'A Bittersweet Ending To Search For My Mother'

NICOLE LIGHTBOURNE, left, and, right, one of the few pictures of her as a child.

NICOLE LIGHTBOURNE, left, and, right, one of the few pictures of her as a child.


Tribune Features Writer


NICOLE Lightbourn, who featured in Tribune Woman last week and who has been on a quest to find her biological mother, will sadly never have that reunion she has dreamt of all her life. After going public with her story about being adopted, Nicole learnt her birth mother Laurie Brennen passed away in 2006.

Nicole, who resides in Florida, began searching recently for anyone who knew her mother or had close ties to her family.

And though the search did not end in the reunion she hoped for, Nicole feels a sense of closure and contentment with now having answers about who her mother, Laurie Brennen, was.

“Finding my birth mother was very emotional because at first, I didn’t know what to expect from the search. I asked myself a question about how I should feel if she didn’t want anything to do with me or her family. In that case, I just kept praying and then hope for best. God had his hands on me. In my search, God blessed me with getting contact with a man that help me. He called a friend to help me locate my birth mother," she said.

Nicole was born on January 15, 1984, in Princess Margaret Hospital in Nassau. From birth to the age of six, she lived in Nassau with her adopted parents. In 1991, the family moved to the US where she began school and a new life there.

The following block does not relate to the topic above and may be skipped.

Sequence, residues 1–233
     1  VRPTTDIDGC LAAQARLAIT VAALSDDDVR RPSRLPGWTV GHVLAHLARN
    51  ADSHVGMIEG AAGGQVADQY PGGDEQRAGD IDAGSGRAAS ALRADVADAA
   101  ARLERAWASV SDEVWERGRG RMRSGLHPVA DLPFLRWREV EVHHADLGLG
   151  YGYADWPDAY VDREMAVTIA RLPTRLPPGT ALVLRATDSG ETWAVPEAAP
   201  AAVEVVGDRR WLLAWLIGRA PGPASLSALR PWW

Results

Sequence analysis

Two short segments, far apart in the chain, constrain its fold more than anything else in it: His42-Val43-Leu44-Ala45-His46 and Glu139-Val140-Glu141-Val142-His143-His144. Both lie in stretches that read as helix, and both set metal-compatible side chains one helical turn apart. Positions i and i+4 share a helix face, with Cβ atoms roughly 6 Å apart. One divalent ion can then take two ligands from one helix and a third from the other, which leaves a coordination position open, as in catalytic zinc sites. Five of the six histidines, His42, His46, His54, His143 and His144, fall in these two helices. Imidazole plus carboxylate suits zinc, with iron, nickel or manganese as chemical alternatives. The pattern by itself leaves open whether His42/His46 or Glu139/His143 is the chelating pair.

While Nicole’s adopted parents did the best they could to ensure she was loved, adequately taken care of and never wanted for anything, Nicole lived feeling rejected and always wondered about her biological family.

Now that her search has ended, Nicole no longer has to wonder.

“It took not even 24 hours to find my uncle and then my oldest brother and two aunts,” she told Tribune Woman.

“My uncle helped me with my search. My brother and I instantly bonded with me. He was so happy to hear from me and so was my uncle and aunt. I felt so good."

Days later after connecting her siblings, aunt and uncle, she received a call from her cousins.

“They told me stories about my grandmother and my mother and other family members. It was sad that I didn’t get a chance to meet my mom, she passed away in 2006. The brother told me that I had another brother, we exchanged contact information and have been connected since."

Nicole also learned the she was one out of six children. But sadness came when she found out she had a sister and brother that was murdered.

“I felt really bad," she said. “But joy came in the morning. The bond with my brother got stronger. He made me feel like I was never gone. What I learned about my mother, she was a very strong woman and caring woman. She was so caring about her children that she did the best for us by giving us a second chance in our lives. We fall but is up to us to dust off and try again. That she did."

Once the COVID-19 pandemic is controlled, Nicole said, she is looking forward to meeting her newfound family.

“This journey made me feel complete and whole. I just want to thank first God for making this dream come true. Second, The Tribune for publishing my story; my birth mother Laurie Brennen for giving me a second chance in life; my adopted parents who believed in me and stood beside me though all this. The children that gave me hope. All of my family members. I want to give hope anybody who dealing with this topic because I got closure,” she said.


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